Taunton further goes on to reveal that originally when the pearl was delivered to Kelly by Clark, and later when Kelly sold it in 1883 the cluster had only 8 pearls, as the right arm of the cross was missing. One of the subsequent owners of the cluster pearl, who is not identified in Taunton's account, decided to look for a pearl of suitable size and shape, to take the place of the right arm, in order to make the cluster resemble a well-proportioned cross. They searched the pearl markets of Cossack, the hub of the pearling industry in Western Australia at that time, from where the pearling fleets operated, and without much difficulty secured a pearl of the right size and the required convexity, for about 10 or 12 pounds. What remained now was putting the pieces together skillfully, with the help of diamond cement. At first the three original pieces were joined together with diamond cement, making two artificial joints. Then the selected pearl for the right arm of the cross was attached to a natural hollow on the central pearl, and the cluster was transformed into a perfect cross, with three artificial joints.
Kunz also states that the Southern Cross Pearls was first exhibited at the Colonial and Indian Exhibition at London in 1886, and later at the Paris Exhibition in 1889, where it attracted much attention, and obtained a gold medal for exhibitors. He also mentions of a move to purchase the pearls for Â£10,000, to be given as a gift to Pope Leo XIII in 1896, during the 18th year of his papacy, but does not say whether it actually materialized. He further states that he has no information on the present (1908) location of the cross.
There are many contradictions in the two versions of the history of the Southern Cross Pearls, as given by Streeter and Kunz. While in Streeter's version the cluster pearls were discovered in 1874, in Kunz's version the exact date of discovery is given as March 26, 1883, which was nine years later than in the first version. Again Streeter's version says that Clark discovered the shell, but it was opened in the presence of Kelly, and they later buried the cluster for an unspecified period of time. In Kunz's version the cluster was discovered by Clark alone, who later delivered the cluster in three pieces to Kelly. According to Streeter's version the cluster was discovered in the form of a perfect cross without any human manipulation. But, in Kunz's version the cluster was discovered in one piece by Clark, but later in trying to retrieve it broke into three pieces, in which form it was later sold by Kelly. Kunz's version further says that the cluster had only 8 pearls at the time of its discovery, and the ninth pearl in the form of the missing right arm of the cross was added later. Thus according to Kunz's version, there are three artificial joints in the cross created by diamond cement.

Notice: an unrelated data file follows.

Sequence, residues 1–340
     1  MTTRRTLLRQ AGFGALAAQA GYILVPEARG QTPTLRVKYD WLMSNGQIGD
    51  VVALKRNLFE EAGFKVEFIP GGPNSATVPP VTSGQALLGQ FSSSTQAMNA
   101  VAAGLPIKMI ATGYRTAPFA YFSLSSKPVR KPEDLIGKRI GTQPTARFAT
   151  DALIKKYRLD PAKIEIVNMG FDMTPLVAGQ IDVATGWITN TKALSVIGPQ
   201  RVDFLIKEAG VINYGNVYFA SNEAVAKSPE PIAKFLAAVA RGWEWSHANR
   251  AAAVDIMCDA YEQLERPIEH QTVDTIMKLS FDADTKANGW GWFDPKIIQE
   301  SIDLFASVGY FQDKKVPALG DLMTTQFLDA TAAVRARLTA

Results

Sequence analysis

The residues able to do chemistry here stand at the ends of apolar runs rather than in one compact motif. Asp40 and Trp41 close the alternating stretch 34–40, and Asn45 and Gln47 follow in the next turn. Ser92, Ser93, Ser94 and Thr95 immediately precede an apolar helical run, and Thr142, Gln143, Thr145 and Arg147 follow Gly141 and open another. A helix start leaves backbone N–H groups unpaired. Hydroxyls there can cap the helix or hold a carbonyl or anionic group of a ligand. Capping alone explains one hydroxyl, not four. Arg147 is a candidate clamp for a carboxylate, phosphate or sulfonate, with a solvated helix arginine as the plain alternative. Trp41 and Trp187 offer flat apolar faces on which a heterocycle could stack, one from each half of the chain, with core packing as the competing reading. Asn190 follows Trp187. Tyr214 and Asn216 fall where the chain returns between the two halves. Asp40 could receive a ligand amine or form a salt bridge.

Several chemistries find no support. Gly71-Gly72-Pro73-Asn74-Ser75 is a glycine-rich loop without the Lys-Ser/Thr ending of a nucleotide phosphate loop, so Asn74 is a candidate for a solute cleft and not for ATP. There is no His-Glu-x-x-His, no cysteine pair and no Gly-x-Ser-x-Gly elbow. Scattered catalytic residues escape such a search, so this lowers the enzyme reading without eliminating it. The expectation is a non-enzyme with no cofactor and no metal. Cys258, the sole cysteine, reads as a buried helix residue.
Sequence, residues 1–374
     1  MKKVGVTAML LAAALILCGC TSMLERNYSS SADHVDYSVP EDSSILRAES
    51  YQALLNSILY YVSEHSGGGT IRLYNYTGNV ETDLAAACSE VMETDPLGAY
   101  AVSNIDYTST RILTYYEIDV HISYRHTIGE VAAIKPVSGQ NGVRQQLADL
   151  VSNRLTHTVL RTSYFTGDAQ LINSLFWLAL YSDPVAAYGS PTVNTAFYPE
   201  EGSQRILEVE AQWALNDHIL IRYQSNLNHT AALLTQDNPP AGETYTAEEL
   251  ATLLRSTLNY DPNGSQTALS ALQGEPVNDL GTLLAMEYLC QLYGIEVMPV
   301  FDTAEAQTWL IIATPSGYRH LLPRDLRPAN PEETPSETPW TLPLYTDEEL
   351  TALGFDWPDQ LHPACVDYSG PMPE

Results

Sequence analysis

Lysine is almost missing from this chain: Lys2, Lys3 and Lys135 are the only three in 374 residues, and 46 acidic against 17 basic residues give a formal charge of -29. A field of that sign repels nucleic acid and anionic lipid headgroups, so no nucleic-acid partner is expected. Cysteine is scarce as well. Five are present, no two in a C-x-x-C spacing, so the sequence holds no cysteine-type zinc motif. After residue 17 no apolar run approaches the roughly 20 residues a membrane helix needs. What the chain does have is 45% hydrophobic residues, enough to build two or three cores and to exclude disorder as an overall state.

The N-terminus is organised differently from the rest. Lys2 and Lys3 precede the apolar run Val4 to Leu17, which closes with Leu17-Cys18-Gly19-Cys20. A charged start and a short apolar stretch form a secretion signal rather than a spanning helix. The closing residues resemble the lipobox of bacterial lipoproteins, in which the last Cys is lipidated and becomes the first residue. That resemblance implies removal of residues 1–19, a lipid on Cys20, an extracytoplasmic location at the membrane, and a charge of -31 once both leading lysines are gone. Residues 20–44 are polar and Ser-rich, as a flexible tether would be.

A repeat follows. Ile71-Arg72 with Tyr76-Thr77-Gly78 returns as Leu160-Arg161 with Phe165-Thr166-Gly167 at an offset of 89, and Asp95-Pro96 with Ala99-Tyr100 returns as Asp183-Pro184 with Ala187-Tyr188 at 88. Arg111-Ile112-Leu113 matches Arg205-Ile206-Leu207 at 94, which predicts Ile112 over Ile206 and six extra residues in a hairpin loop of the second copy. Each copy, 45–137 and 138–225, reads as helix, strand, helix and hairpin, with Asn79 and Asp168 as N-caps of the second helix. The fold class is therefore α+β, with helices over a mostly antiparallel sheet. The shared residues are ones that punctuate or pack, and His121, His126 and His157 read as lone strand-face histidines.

Thus the essential difference between the two versions is that, Streeter's version depicts the Southern Cross pearl cluster as a 100% natural creation without any human manipulation, whereas Kunz's version tries to show that there was indeed human intervention in the creation of the Southern Cross Pearls, by creating two artificial joints to assemble the three pieces together, and a third artificial joint to create the right arm of the cross.
However, whether there had been human intervention or not in the Southern Cross Pearl Cluster, a study of the shapes of the individual pearls both at the extremities of the cross and other places, lends strong evidence to their natural provenance. The flattening of the pearls on opposite sides due to mutual compression caused during the growth of the pearls, resulting in barrel-shaped pearls in the middle and drop-shaped pearls at the extremities, where compression was present only on one side, is a strong line of evidence for the natural provenance of a major part of the cross.
After the display of the Southern Cross Pearls at the Colonial and Indian Exhibition of 1886 and later at the Paris Exhibition in 1889, where it won a gold medal, the next time the renowned pearl formation made its appearance was in 1924, when it was the star exhibit at the Great Wembley Exhibition held in London. In 1933, the Southern Cross Pearls was reported to be in the possession of C. P. Bennett, a London merchant. Since then the whereabouts of the pearls are not known, and in the year 1994, Philip Pendal, a West Australian Member of Parliament, was reported to have searched for it in England, probably with the intention of acquiring the renowned cross and taking it back home. A web article titled "Pearl : Queen of Gems" written by Vimukthi Fernando, and appearing on the website www.lankalibrary.com claims that the Southern Cross is now in the treasuries of the Vatican, but the source of this information is not given.